Loving the Real Israel: An educational agenda for liberal Zionism (an excerpt) | Jews | Zionism

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Three typical students
When I think about the challenges of developing a complicated-butloving relationship with Israel, I often think about three young American Jews. I’ll call them Alyssa, Todd, and Rachel; they were students of mine. Alyssa Alyssa is a poster child for Jewish education in almost all respects. She was very involved in USY (the Conservative Movement’s youth group), she teaches in her local synagogue school, and she is now a master’s student in Jewish education at the Jewish Theological Seminary in New York. She’s checked off all the boxes we set up for young American Jews. But she isn’t interested in Israel. “I just don’t need Israel,” Alyssa tells me. “I have a rich Jewish life in every respect. I love Shabbat, I love my community, I have a great Jewish social life, and many Jewish and non-Jewish friends. I enjoy studying Jewish texts and find meaning in many of the ritual elements of Jewish life. It’s not that I have anything against Israel — I just don’t need it. I have a perfectly rich Jewish life without it.” Todd Todd is a rabbinical student, studying in Israel for the year as part of his pluralist rabbinical school’s training program. He is taking classes in an Israeli college and, while he enjoys the studying, he doesn’t seem to talk much with his Israeli classmates. One day, I ask him, out of interest: “Todd, whom do you feel you have more in common with — these Israelis in your class — who are, after all, fellow Jews, also studying Jewish studies — or a group of typical liberal non-Jewish Americans?” Todd looks at me as if I’ve come from Mars. It’s

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an absurd question. “The American non-Jews, of course,” Todd says. “I have nothing in common with these Israelis.” Rachel Rachel is a young woman who, like Alyssa, is working towards a master’s degree in Jewish education. She’s a smart, thoughtful, dynamic Jewish educator-to-be. Part of her program is a three-week seminar in Israel. In an orientation session before the trip, we go over packing lists: what to bring, how many pairs of pants, and so on. Rachel quiets down the group for an important announcement. “We shouldn’t just take our own stuff. We need to take something with us from America to give to Israelis. I think we should all go and buy a few pairs of socks, and when we get to Israel, we’ll give them to an organization there that gives out clothes to the poor.” I got to know Rachel, Todd and Alyssa because for many years now, as a professor of Israel education, it’s been my job to help Jewish educators, rabbinical students, and future communal leaders think about their own relationship with Israel: What role is Israel going to play in your future educational, rabbinic, or communal work? What role is Israel going to play in your life? For many young American Jews, the answer to this question is either peripheral (Alyssa), negative (Todd), or out-dated (Rachel). What’s most interesting is that I’m pretty sure that all of them, if asked the standard survey question “Do you see yourself as pro-Israel?,” would answer “yes.” Social science statistics can hide the complexity of what’s really going on. Some recent research points to a “Birthright bump,” suggesting that the increasing numbers of young Jews who have visited Israel on Birthright are leading to stronger rates of connection. If this is true, the need for a new educational approach is even more urgent. Young American Jews who go on Birthright and become enamored with Israel are not, in the medium term, going to discard their critical faculties, or stop reading the New York Times. The “Birthright bump” gives us a window of opportunity to work with people and help them develop a complicated love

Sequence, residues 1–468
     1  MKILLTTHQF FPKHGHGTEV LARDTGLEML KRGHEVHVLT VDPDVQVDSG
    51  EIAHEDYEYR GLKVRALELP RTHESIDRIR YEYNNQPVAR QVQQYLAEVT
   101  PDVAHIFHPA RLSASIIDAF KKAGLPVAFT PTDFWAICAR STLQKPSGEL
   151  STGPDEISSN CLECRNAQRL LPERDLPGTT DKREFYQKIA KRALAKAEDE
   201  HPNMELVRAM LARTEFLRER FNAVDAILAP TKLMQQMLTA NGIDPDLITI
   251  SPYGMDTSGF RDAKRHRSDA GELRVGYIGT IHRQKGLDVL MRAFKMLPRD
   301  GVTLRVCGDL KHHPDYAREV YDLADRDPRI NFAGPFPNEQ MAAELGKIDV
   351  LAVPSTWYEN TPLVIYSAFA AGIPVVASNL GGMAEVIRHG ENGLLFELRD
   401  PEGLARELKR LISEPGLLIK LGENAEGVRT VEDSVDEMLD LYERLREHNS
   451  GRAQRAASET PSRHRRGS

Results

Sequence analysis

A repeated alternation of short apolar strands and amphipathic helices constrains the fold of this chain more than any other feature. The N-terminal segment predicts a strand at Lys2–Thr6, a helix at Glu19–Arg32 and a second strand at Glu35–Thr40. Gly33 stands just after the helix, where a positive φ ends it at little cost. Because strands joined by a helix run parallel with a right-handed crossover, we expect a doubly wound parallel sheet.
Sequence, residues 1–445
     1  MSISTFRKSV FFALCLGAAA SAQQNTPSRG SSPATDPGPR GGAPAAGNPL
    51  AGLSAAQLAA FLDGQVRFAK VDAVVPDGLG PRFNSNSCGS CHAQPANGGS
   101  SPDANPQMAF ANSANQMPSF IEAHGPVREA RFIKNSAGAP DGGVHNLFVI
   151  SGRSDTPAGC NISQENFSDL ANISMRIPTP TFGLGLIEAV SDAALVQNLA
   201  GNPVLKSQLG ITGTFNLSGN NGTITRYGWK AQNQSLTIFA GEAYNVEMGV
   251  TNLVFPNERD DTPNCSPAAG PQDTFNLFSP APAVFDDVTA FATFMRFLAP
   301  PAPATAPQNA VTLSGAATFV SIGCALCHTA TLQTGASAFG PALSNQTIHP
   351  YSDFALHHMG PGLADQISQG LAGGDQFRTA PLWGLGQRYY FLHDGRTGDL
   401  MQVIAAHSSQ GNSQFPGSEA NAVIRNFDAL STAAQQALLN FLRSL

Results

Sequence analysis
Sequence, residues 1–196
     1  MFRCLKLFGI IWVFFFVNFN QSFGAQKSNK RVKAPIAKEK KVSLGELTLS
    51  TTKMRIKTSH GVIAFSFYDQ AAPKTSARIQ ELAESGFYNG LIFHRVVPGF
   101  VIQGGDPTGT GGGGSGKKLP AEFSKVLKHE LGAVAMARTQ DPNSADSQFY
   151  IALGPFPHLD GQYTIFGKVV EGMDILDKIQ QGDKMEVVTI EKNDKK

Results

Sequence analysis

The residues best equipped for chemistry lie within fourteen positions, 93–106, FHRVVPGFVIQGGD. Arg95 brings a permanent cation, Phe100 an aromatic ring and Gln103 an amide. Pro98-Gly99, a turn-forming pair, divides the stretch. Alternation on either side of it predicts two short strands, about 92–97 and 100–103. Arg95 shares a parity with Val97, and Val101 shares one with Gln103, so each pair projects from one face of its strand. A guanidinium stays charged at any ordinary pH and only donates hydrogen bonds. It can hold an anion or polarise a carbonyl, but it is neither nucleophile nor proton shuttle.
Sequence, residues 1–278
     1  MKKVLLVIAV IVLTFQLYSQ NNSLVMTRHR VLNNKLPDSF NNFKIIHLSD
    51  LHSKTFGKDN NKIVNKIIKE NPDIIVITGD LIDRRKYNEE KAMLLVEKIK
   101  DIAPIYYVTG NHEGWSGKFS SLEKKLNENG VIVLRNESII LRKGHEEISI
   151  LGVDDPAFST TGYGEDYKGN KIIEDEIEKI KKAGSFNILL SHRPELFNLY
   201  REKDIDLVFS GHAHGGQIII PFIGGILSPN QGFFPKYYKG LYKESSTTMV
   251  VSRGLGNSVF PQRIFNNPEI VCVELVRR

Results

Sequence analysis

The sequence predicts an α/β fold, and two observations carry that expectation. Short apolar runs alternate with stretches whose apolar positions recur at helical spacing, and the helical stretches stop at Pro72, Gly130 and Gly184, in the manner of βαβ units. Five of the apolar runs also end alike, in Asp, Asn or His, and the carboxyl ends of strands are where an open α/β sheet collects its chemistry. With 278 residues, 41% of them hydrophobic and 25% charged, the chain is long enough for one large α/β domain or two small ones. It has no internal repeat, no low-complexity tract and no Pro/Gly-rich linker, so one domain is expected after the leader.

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for Israel. Otherwise, at some point, they’ll end up back at the either-or choice that I mentioned in the previous chapter. Let’s now start to think about what that complicated love might look like.

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Baby love and adolescent love